According to documents seen by Capital FM Business, Free on Board prices for unleaded premium were up 7.75 percent on average from $1057.67 per Metric Tonne (MT) to $1139.60.
“That of the aviation jet fuel and jet kero (kerosene) were on average up 2.92 percent from $1,047.25 per MT to $1,074.26 per MT and 2.84 percent to $1068.40 respectively,” the report shows.
Free on Board prices for Murban crude lifted in March 2012 saw an increase of 5.44 percent from $120.45 per barrel (to $127) for crude lifted in February.
Murban crude accounts for over 90 percent of the country’s crude imports and therefore has a direct impact on the local retail prices.
A litre of super petrol has been retailing at Sh111.69 since March 15 after going up by 37 cents. The price will hold until April 14 when the regulator is expected to announce the new prices.
It is however worth pointing out that ERC price caps take into consideration many determining factors including cost of the products and other incurred costs and also looks at the average price of crude oil in the last two months. The exchange rate is also a factor.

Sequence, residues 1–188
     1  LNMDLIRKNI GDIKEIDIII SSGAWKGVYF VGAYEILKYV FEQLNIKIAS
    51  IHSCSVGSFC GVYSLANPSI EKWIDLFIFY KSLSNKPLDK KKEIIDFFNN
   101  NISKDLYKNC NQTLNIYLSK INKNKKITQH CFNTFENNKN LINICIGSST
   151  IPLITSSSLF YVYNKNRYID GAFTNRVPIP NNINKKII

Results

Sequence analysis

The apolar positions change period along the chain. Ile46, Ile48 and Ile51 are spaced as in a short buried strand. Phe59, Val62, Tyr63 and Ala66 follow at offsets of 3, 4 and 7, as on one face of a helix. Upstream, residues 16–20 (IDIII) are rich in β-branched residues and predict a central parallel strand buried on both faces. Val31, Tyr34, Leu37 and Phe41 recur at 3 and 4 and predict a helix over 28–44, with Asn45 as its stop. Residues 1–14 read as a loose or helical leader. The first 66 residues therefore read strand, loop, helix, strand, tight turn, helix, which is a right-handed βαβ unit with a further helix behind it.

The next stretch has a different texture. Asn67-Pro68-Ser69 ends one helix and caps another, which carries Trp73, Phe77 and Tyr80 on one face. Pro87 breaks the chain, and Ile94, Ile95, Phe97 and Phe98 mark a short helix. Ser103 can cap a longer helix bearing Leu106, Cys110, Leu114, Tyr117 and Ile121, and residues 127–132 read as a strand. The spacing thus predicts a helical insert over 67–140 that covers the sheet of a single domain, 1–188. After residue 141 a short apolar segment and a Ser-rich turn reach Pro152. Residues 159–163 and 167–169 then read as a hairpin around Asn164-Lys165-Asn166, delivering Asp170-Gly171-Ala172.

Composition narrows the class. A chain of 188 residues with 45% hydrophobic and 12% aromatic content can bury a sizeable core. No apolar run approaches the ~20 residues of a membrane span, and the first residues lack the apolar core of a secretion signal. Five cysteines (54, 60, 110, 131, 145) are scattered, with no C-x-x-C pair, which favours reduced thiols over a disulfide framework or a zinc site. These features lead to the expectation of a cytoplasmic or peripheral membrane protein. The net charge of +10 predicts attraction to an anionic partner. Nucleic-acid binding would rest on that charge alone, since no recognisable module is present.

Genghis Capital Research Analyst Evans Mugi however explains that although the shilling has been stable in March, it is unlikely to lessen the direct hit on Kenyan motorists.
The local unit strengthened by 0.40 percent against in the dollar between February and March from an average of 83.10 in February to 82.80 the following month.
“The reason why we think fuel prices will go up is because of the two inputs that are critical in determining the price of fuel which is a raw material that’s gone up by about 4.8 percent. At the same the Kenya shilling relative to the US Dollar has strengthen by a margin of 0.40 percent so the pull factors are more that the push factors and we get the feeling that fuel prices are going to go up in the next fixing,” Mugi predicted.